Nature Notes

September 30, 2008

Save the Albatross

Filed under: Conservation — Tags: , — Harold Stiver @ 7:00 am

Most of the species of Albatross are headed for extinction!!!

Black-footed Albatross

Black-footed Albatross


It can’t be put plainer than that. This family has always been in a precarious position because they tend to breed on small isolated islands which are vulnerable to introduced predators. However, the threat that is bringing them to annihilation is long line fishing. Long lining is the practice of setting out a single line, sometimes over 100km. long, with thousands of baited hooks. These baited hooks attract thousands of albatross and other seabirds who are caught and dragged till they drown. More than 300,000 seabirds are being killed each year, and over twenty species are facing extinction including most albatross species. These species reproduce in small numbers and the kill rate by long line fishing vastly outnumbers new births.

Save the Albatross

The Save the Albatross Campagn, supported by organizations such as Birdlife International and the RSPB, are publicizing the problem and promoting solutions. These solutions include changing the fishing methods so that they are not attracting seabirds, legislation, and policing pirate fishing operations.

Tomorrow: Some good news from Argentina

If you would like to be informed of future Seabird posts, Click Here.

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September 29, 2008

Braulio Carrillo N.P., Costa Rica

Filed under: Birds,Costa Rica — Tags: , — Harold Stiver @ 7:00 am
Silver-throated Tanager

Silver-throated Tanager

This National Park is an area of untouched rain forest on the eastern or Caribbean slopes of the central mountain range. It is within 20km. of the capital, San Jose, although I found it more convenient to stay in the town of Guápiles, a pleasant town to the east of the park. The park is located in one of he most rugged areas of Costa Rica and can be wet as well, so dress accordingly. There are also reports of theft from parked cars, take precautions.

There is an aerial tram to take you above the canopy. It can be fun but don’t expect to see a lot of birds as it seemed pretty barren, although we did see a Tiny Hawk which was an unexpected surprise.

Some bird you might see include Broad-billed Motmot, Lattice-tailed Trogon, Dot-winged Antwren, Buffy Tuftedcheek, Plain-Brown and Wedge-billed Woodcreeper, Black-cheeked, Pale-billed and Lineated Woodpeckers, Buff-throated Saltator and Scarlet-rumped Cacique.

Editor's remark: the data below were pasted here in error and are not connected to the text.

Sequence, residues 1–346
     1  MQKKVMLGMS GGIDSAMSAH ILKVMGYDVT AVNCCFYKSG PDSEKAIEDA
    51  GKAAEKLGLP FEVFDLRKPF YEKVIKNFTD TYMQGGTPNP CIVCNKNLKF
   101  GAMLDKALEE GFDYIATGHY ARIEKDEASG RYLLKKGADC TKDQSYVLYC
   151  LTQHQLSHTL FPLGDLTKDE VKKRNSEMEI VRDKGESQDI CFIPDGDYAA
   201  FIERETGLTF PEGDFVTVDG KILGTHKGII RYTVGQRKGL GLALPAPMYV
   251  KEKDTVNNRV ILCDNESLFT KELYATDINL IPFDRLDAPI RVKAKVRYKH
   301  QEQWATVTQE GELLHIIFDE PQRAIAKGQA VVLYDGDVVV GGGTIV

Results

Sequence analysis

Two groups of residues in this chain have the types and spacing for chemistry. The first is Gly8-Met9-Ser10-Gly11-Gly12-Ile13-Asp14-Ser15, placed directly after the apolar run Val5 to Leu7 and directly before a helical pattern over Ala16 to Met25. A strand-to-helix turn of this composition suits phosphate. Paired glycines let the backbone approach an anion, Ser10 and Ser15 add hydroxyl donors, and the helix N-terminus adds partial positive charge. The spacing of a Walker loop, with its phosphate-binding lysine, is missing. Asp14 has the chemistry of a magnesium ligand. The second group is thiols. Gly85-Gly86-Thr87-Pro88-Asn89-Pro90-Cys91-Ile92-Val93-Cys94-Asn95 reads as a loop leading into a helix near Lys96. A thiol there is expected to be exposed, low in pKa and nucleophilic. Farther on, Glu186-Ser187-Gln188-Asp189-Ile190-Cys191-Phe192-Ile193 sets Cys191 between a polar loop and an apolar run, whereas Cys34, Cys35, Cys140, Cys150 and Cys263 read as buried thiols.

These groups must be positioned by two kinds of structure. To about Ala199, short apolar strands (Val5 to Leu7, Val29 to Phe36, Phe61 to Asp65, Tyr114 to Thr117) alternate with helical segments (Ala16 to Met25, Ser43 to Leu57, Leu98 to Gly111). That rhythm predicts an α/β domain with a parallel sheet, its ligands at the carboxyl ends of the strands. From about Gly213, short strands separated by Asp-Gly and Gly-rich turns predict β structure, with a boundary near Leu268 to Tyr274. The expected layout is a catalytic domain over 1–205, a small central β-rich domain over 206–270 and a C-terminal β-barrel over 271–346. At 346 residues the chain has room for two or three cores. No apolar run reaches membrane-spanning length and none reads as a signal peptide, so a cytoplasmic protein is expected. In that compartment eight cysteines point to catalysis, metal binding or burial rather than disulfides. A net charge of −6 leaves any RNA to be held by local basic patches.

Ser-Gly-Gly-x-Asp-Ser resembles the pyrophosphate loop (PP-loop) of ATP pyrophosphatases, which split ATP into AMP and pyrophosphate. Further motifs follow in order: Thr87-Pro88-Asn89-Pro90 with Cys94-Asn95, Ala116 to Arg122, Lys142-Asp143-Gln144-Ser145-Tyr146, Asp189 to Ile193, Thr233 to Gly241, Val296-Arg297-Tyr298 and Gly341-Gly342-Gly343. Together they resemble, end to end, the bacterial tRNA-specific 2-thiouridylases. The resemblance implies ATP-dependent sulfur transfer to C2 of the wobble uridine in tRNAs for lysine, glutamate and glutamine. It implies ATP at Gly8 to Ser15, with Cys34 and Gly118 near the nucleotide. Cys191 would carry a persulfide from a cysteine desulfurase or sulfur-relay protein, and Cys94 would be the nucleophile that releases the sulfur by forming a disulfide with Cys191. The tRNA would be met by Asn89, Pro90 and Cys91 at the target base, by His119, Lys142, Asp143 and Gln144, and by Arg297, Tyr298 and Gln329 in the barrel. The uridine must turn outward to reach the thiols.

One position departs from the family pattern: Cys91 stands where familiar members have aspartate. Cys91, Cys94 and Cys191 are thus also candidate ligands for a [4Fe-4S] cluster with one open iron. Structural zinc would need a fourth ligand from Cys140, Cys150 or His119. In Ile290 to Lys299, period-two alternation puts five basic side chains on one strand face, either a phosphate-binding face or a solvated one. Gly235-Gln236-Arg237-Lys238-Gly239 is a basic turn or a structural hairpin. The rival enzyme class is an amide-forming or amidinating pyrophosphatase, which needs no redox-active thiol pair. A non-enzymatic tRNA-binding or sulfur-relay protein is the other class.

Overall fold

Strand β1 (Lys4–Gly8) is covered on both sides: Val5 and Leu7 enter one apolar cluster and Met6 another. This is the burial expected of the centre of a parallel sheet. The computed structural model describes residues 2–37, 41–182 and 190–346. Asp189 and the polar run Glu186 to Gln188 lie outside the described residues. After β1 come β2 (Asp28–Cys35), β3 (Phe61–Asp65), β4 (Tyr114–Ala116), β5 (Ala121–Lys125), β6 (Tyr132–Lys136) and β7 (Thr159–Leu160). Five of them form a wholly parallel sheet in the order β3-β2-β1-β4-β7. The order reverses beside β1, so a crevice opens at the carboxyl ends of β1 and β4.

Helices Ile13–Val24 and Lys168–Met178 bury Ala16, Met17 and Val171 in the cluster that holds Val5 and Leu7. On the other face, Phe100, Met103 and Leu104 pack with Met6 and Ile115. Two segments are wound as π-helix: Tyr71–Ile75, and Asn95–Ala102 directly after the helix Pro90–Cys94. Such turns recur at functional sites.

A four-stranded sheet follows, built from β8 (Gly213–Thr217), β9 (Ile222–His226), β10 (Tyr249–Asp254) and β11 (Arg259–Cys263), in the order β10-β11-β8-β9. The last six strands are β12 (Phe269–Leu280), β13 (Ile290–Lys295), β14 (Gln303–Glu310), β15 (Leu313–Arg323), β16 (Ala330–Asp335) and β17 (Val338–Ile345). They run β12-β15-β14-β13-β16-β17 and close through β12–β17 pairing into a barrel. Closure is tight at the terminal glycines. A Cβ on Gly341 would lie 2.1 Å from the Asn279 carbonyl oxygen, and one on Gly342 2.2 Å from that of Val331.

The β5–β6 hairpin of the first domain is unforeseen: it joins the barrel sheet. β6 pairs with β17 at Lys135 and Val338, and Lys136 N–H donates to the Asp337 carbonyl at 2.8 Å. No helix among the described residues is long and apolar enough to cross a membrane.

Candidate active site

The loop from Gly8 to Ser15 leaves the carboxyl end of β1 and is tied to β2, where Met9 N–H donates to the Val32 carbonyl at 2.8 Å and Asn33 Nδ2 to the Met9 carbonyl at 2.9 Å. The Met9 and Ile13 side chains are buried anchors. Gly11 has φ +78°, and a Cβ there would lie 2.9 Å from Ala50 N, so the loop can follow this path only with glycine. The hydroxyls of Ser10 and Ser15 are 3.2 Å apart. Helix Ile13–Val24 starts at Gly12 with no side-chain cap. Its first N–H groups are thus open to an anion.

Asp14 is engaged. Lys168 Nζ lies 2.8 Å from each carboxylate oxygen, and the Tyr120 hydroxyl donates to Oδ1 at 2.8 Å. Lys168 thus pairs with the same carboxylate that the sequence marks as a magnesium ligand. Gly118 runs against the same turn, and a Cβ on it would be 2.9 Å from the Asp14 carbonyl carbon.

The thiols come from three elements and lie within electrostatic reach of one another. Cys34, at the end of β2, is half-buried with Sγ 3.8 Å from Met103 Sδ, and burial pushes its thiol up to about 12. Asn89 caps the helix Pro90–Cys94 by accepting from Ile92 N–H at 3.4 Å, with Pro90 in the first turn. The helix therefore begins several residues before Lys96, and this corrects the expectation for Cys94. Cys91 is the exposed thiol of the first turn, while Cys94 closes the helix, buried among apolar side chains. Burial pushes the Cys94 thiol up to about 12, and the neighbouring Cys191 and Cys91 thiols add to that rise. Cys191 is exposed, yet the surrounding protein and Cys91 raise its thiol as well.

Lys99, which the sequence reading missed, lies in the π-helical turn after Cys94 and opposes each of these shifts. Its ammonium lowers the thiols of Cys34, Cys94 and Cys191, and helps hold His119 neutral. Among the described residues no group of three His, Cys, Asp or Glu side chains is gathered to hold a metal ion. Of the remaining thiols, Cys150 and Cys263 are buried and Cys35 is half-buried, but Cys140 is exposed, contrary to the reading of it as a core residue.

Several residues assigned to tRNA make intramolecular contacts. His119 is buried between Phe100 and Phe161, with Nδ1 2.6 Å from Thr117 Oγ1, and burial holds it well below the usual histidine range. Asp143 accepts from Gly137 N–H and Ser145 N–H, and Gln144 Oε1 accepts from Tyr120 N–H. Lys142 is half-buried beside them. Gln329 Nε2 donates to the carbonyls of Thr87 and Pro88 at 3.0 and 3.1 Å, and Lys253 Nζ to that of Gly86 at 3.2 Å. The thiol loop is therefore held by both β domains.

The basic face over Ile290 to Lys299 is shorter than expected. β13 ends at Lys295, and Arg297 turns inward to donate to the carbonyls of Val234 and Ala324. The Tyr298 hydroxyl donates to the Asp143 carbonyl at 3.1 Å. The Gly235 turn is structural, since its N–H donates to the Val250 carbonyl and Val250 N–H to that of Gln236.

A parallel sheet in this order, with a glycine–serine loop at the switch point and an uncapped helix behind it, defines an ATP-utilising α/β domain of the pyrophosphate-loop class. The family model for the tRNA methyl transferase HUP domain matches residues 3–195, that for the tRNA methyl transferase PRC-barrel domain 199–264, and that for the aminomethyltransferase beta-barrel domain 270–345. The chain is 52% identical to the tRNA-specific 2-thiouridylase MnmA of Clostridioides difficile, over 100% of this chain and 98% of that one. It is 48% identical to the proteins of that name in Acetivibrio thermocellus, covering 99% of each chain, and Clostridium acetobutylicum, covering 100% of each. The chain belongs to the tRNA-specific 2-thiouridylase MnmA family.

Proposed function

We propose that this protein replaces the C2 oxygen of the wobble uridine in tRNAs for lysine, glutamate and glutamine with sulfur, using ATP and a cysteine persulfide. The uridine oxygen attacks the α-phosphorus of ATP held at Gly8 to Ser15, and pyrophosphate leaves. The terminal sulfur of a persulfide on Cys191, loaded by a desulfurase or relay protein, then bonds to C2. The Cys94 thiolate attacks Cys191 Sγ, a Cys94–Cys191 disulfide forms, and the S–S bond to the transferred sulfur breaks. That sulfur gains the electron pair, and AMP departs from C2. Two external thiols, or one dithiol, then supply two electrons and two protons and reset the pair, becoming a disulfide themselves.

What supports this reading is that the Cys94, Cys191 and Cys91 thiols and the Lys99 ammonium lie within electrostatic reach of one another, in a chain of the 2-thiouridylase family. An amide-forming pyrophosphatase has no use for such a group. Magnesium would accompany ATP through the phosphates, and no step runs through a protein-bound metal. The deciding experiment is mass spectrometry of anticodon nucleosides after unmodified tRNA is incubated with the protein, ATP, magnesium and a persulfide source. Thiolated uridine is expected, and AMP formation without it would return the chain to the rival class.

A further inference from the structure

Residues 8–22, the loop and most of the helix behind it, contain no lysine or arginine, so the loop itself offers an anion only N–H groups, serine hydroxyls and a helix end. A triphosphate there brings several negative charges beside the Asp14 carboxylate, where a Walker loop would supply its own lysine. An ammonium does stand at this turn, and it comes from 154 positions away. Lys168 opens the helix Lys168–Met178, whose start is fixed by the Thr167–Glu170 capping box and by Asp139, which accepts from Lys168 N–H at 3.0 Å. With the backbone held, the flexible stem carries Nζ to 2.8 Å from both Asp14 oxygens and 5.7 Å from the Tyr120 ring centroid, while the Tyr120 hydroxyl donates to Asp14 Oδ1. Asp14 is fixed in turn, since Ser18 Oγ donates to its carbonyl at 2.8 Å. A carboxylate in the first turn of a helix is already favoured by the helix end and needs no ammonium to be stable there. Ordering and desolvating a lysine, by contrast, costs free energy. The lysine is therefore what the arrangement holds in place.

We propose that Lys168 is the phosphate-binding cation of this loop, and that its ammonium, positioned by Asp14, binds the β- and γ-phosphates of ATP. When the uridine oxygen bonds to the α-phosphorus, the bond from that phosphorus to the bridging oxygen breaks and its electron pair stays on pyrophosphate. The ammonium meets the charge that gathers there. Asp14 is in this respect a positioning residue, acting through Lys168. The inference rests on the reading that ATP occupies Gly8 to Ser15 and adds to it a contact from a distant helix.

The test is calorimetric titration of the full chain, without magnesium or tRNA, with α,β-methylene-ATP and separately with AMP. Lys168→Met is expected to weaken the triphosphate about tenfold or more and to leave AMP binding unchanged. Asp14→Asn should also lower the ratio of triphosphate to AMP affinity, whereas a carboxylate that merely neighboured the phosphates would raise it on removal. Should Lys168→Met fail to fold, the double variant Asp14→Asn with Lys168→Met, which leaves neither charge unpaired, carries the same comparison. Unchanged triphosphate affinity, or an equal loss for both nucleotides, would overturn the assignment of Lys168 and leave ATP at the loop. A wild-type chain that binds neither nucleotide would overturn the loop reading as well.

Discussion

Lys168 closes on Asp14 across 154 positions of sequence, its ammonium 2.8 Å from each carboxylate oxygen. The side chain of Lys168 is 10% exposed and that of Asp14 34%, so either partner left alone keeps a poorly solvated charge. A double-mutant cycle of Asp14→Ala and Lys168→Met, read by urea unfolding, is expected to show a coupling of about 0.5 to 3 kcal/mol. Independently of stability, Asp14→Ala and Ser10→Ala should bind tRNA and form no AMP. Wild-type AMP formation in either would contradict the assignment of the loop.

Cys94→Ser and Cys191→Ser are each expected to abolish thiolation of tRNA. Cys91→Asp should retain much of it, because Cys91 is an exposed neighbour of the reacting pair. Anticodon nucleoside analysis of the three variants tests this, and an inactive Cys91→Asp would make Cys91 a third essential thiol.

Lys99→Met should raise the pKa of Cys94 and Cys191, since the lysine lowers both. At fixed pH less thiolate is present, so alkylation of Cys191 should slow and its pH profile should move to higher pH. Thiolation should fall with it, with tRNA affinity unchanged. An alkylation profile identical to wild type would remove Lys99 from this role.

Tanagers are well represented such as Gray-headed, Silver-throated, Speckled, Bay-headed and White-shouldered Tanager.


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September 28, 2008

White-faced Capuchin from Costa Rica

Filed under: Animals,Costa Rica — Tags: , — Harold Stiver @ 7:00 am
White-faced Capuchin

White-faced Capuchin

Do you remember Marcel from the sitcom “Friends”? That was a White-faced Capuchin (Cebus capucinus) also known as a White-throated Capuchin. An intelligent animal living in large groups of up to 40 animals. It is found in Central and South America. Most of these images were taken in Manuel Antonio National Park in Costa Rica.

White-faced Capuchin White-faced Capuchin White-faced Capuchin White-faced Capuchin
White-faced Capuchin White-faced Capuchin White-faced Capuchin

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September 27, 2008

Birding Carara N.P.: Costa Rica

Filed under: Birds,Costa Rica — Tags: , — Harold Stiver @ 7:00 am
Boat-billed Heron

Boat-billed Heron

The Carara National Park is my favorite wildlife area in Costa Rica. It is located on the central part of the Pacific coast and includes a large amount of primary growth as well as secondary growth and the rich diversity of the Tarcol River.

There is a short trail by the main entrance and a 4.5 km trail by the river called the Vigilancia Trail. The park doesn’t open until 7 A.M. but it is common practice for birders to go in early and pay on the way out. By 9 A.M. tour buses arrive and the park becomes more crowded.

The parks main attraction are breeding pairs of Scarlet Macaws who frequently stage raucus squacking flyovers. If you take an early walk along the Vigilancia Trail, you could see a long list of birds including Barred and Black-hooded Antshrikes, Slaty and Dot-winged Antwren, and Dusky Antbird. There is a an Orange-collared Manakin lek within the first kilometer of the trail entrance, listen for the telltale snapping similar to a person snapping their fingers.